Merry Christmas!  We’ve finally made it to the very end of the 25 Days of Christmas article bonanza and I have to say, I’m very happy with the way it has gone.  I love Christmas and Christmas movies, so I was all too happy to gorge myself on all these festive specials.

As it seems to happy every year, however, time flew by and before I realized it was far behind with posting articles, I had less than a week left.  While I would’ve liked to gotten to them all, some had to get put to the side, but they will live on in this post.  These are in no particular order, but here are the 5 MOVIES AND SPECIALS I WATCHED THIS CHRISTMAS BUT DIDN’T WRITE ABOUT.

5.  The Polar Express


The first attempt by Robert Zemeckis to do the whole motion capture thing is oddly cold at times, but its ending may offer some redemption.  Imagine if, on Christmas Eve, a huge train pulled up to your house when you were a kid and promised to take you to the North Pole.  That’s the basic premise of The Polar Express and it plays out like a Harry Potter movie that never gets off the train to Hogwarts.  Sure, there are scenes at Santa’s Workshop, but the workshop itself is kind of disappointing.  Maybe back when this was first made, the animating of backgrounds was still a little suspect, but it’s all slides and conveyor belts and kind of boring.

But the heart makes its way there at the end, once the main character gets to meet Santa and he finally, truly, believes.

4.  The Santa Clause 2


I’ve written more articles than I usually wind up doing this month, so while I would’ve liked to keep up with every single viewing, sometimes life just got in the way.  The Santa Clause 2 is an easy one to skip because although it isn’t as dreadful as the third film, it’s nowhere near as special as its predecessor.

In this one, Scott Calvin, now completely Santa is on the verge of losing his powers because he has yet to find a wife: The Misses Clause (get it?).  Seeing as how there are no women at the North Pole that aren’t played by child actors, Santa puts a robot clone in charge while he sets off to find a woman that will marry him.

While the idea that Santa has to go incognito to find a wife, whom he’ll ultimately have to tell his secret to is an interesting plot device, the romance with the woman that eventually becomes Mrs. Claus is too quick.  Also, save for a cameo by Molly Shannon (doing an impression of nearly every SNL character she ever had), there’s only one eligible bachelorette and it becomes a missed opportunity for some conflict.

3.  Home Alone 2: Lost in New York

Home Alone 2 Lost in New York 02-53-36

Another sequel, this one didn’t make the cut for a full-fledged article because it is just too similar to the original.  This doesn’t make it a bad movie, but it doesn’t exactly make it worth an entire post by itself.

In this one, Kevin boards the wrong plane and, instead of heading to Florida with the rest of his family, winds up on a trip to New York.  There, through kismet, he runs into Harry and Marv as they prepare to rob a toy store on Christmas.  As he’s the only one that knows about the plot, it’s up to Kevin to stop them.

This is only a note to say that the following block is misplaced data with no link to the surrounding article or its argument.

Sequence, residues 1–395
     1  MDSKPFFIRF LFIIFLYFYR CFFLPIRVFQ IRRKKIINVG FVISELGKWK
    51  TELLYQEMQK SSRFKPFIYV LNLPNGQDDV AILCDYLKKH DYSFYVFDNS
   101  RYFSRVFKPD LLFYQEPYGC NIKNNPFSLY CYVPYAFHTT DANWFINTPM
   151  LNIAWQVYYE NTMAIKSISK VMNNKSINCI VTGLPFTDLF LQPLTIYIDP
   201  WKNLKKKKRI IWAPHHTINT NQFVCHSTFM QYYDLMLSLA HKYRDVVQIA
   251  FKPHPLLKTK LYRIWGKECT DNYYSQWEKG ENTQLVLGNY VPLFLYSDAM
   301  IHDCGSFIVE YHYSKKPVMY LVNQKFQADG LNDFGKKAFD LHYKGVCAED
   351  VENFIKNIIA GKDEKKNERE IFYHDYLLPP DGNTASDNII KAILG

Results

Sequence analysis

Though the addition of Tim Curry adds something, this movie is essentially a carbon copy.  Don’t get me wrong, I still find it enjoyable and I must make special mention to Daniel Stern’s comedic ability once again, if you’ve seen the first, you’ve seen this one.

2.  Mickey’s Twice Upon a Christmas


I don’t enjoy the Disney characters in 3D.  There’s just something I find odd and upsetting about the CGI rendered Mickey and pals and, while it’s not exactly a terrible problem for this anthology series, it kind of disappoints me a little.

There are a few stories here that check in on your favorite Disney characters as they prepare for the holidays: Huey, Dewey, and Louie head to Santa’s workshop to get a hold of his Naughty List, Pluto runs away from home and winds up with Santa’s reindeer, and Goofy’s son Max brings his girlfriend home to meet his dad among others.

Over the past few decades, these characters don’t seem to be doing much of anything; they’re probably stashed somewhere in that Disney Vault we always hear about.  So while on one hand it’s good to see these characters, I can’t help but feel like these stories are excruciatingly trivial.

1.  Mr. Hankey’s Christmas Classics


The second appearance by Mr. Hankey on South Park is also an anthology series and, while good episode and a nice break from an episode’s usual structure, there’s really not much to talk about.

As if set up like an Andy Williams’ Christmas special, Mr. Hankey introduces each segment by fireside.  The songs, as they always are when you’re talking South Park, are top-notch, including the new rendition of the Mr. Hankey theme song.  From Cartman’s selfish rendition of “O Holy Night” to Mr. Garrison’s xenophobic song inundating non-Christians with Christmas spirit, there are some truly memorable moments throughout the episode.